On 19th November, Old Trafford housed the “match of the Day” between League Champions Chelsea, and the present League leaders, United in front of 55,00 spectators, and United ran out convincing winners by 3-0. At right half, and making his home debut was a nineteen years old Salford lad, Eddie Colman, who had made his League Debut the previous Saturday at Bolton. Eddie had been Captain of the United Youth Team for the past couple of seasons, and was a great friend of Duncan’s, despite the difference in size between the two. They had played together in the Youth team and were soon to combine their talents on the First Division stage, where Eddie was to prove the perfect foil for Duncan. If Eddie ever found the going a little tough on the field of play, you could always be assured that Duncan would be the first person to help him out.

The match against Chelsea showed the Old Trafford faithfuls that the Colman – Edwards double act was going to play a very big part in Manchester United’s future …. They were the driving force behind the United attack, despite them being the youngest players on the field. As of late, Duncan on several occasions came close to scoring. Early in the game he showed what a powerful shot he possessed, when he brought a loose ball quickly under control, and from fully thirty yards out, hit a tremendous shot which went only a couple of inches over the bar. Although a strongly built player, Duncan was certainly not known for throwing his weight about, or losing his temper, but just before half time, he had to be spoken to by the referee. When he was forcing his way through the Chelsea defence, Armstrong caught his ankle with his boot. Duncan appealed for a foul and he was limping, but the referee waved play on. Duncan then turned on Armstrong and said something to him, and the referee then stepped in immediately and had a few words with Duncan. Goals from Tommy Taylor -2, and Roger Byrne from the penalty spot, gave United the points and kept them well placed at the top of the table, just ahead of Blackpool.

On 10th December United traveled to Portsmouth where Duncan found himself up against the man who had got the Selectors nod for the England match with Spain, Jimmy Dickinson. This match was therefore the ideal chance for Duncan to prove that he was indeed the best left half in the Football League. The display of the two of them commanded particular interest, because whereas Dickinson’s form had not impressed against Spain or The League of Ireland, Duncan’s recent form with United had been good enough for him to reclaim his International spot. The F.A. Team Manager and Coach, Walter Winterbottom, a former Manchester united player, was at the match, and he must have been impressed by the opening display from Duncan which was far more forceful and involved than that of Dickenson’s. In the second half he was clearly the superior of the two wing half backs, having a brilliant game breaking up the Portsmouth attacks and setting his own forwards in motion. Walter Winterbottom had to leave with five minutes to go, to catch an early train back to London, and must have been as amazed as the United players when Portsmouth scored two goals in the last three minutes to snatch victory!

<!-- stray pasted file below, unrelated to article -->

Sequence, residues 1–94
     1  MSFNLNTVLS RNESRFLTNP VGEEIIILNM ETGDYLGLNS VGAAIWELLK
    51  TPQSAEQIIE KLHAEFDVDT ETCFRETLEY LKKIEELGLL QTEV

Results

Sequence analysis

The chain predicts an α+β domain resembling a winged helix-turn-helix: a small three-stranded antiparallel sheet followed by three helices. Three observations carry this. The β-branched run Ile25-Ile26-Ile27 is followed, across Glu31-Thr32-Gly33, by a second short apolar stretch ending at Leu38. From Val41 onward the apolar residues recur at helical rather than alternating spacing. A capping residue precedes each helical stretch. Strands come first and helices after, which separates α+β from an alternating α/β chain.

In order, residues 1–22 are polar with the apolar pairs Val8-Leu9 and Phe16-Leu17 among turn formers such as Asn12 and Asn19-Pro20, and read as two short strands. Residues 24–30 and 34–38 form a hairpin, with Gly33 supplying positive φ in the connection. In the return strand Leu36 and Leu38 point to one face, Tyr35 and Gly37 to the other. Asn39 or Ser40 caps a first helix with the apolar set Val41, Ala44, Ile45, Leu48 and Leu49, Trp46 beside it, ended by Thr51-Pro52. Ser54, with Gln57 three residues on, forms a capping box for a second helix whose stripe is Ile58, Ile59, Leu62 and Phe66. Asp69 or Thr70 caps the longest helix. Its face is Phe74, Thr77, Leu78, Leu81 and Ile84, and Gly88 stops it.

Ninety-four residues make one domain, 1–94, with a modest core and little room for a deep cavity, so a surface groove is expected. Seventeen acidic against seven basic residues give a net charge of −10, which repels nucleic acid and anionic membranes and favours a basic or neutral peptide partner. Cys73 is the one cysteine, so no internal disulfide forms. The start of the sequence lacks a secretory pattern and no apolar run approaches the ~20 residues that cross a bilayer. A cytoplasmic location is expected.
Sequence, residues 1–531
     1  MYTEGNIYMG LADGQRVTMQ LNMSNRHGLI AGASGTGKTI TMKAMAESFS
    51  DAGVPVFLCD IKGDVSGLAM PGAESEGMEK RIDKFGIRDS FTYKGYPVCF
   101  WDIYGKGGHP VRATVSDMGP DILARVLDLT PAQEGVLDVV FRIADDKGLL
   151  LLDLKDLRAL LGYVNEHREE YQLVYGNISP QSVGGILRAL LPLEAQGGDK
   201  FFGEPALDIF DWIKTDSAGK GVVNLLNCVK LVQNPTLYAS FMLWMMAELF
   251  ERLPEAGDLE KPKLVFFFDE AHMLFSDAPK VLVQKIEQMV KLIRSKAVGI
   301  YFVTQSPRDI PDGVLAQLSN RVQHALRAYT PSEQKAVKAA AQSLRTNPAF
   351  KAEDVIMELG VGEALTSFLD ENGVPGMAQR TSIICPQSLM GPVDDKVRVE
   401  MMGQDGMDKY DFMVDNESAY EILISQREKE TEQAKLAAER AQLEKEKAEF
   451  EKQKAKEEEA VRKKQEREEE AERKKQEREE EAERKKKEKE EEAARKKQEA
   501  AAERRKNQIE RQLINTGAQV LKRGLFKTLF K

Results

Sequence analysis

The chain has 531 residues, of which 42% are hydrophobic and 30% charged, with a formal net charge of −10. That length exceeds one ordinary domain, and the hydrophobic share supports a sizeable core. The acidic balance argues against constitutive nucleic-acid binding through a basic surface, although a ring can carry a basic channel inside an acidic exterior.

By the turn of the year, United had moved four points clear of Blackpool, although they had played a match more than their Lancashire seaside rivals. However, there was no success in the F.A. Cup when they traveled to Second Division Bristol Rovers at Eastville and suffered a shock 4-0 defeat. Duncan actually missed the matchas he was a late call-off with a sceptic knee. The following week though, he was back again in the familiar number 6 shirt and helping United to a 3-1 victory over Sheffield United, with a further International honour at the other Sheffield ground, Hillsborough, against a Scotland at Under 23 level following quickly.

Yet more representative calls prevented Duncan from playing for United in a vital league match against Luton Town on 11th February, as he was required to play for the Army, along with clubmates Bill Foulkes and Eddie Colman. The Army match was in Brussels, against the Belgian Army, and in those days, the journey had to be made by sea. Unfortunately, on the outward journey the seas were very rough and Duncan spent most of the trip lying on the floor of the cabin being violently sick. The sea was tossing the boat all over the place, and the rest of the team were coping little better than Duncan in the conditions. They all rolled from side to side in time with the boat, and by the time they arrived in Belgium, were in no real state to play football. Fortunately, due to the bad weather, the match was called off, and the return journey was thankfully, much more comfortable. Mind you, imagine a side nowadays having three of its star players required elsewhere and still having to play a top of the table match!

Once back on dry land Duncan soon got back to normal, and on a visit to his Midlands home territory he helped United defeat Wolverhampton Wanderers 2-0. A 1-1 draw against Cardiff City halted United’s winning run, but according to all the reports in the newspapers, Duncan had played magnificently.

International honours were flowing thick and fast now for Duncan, with an appearance aginst Switzerland ‘B’ along with Tommy Taylor and David Pegg, next on the list.

The League Championship was now clearly a two horse race between United and Blackpool, and the crunch came on the 7th April when the Seasiders came to Old Trafford, knowing that unless something sensational happened, the title was lamost certainly bound for United’s trophy room. With 66,000 in the ground, the gates were closed well before the kick off, with police fighting hard to control the thousands of fans still outside the ground trying to find a turnstile open. Playing for United at right back that day was Ian Greaves, who had taken over from Billy Foulkes in the latter stages of that season. Ian, who went on to become a very respected manager in the game, recalls the day vividly.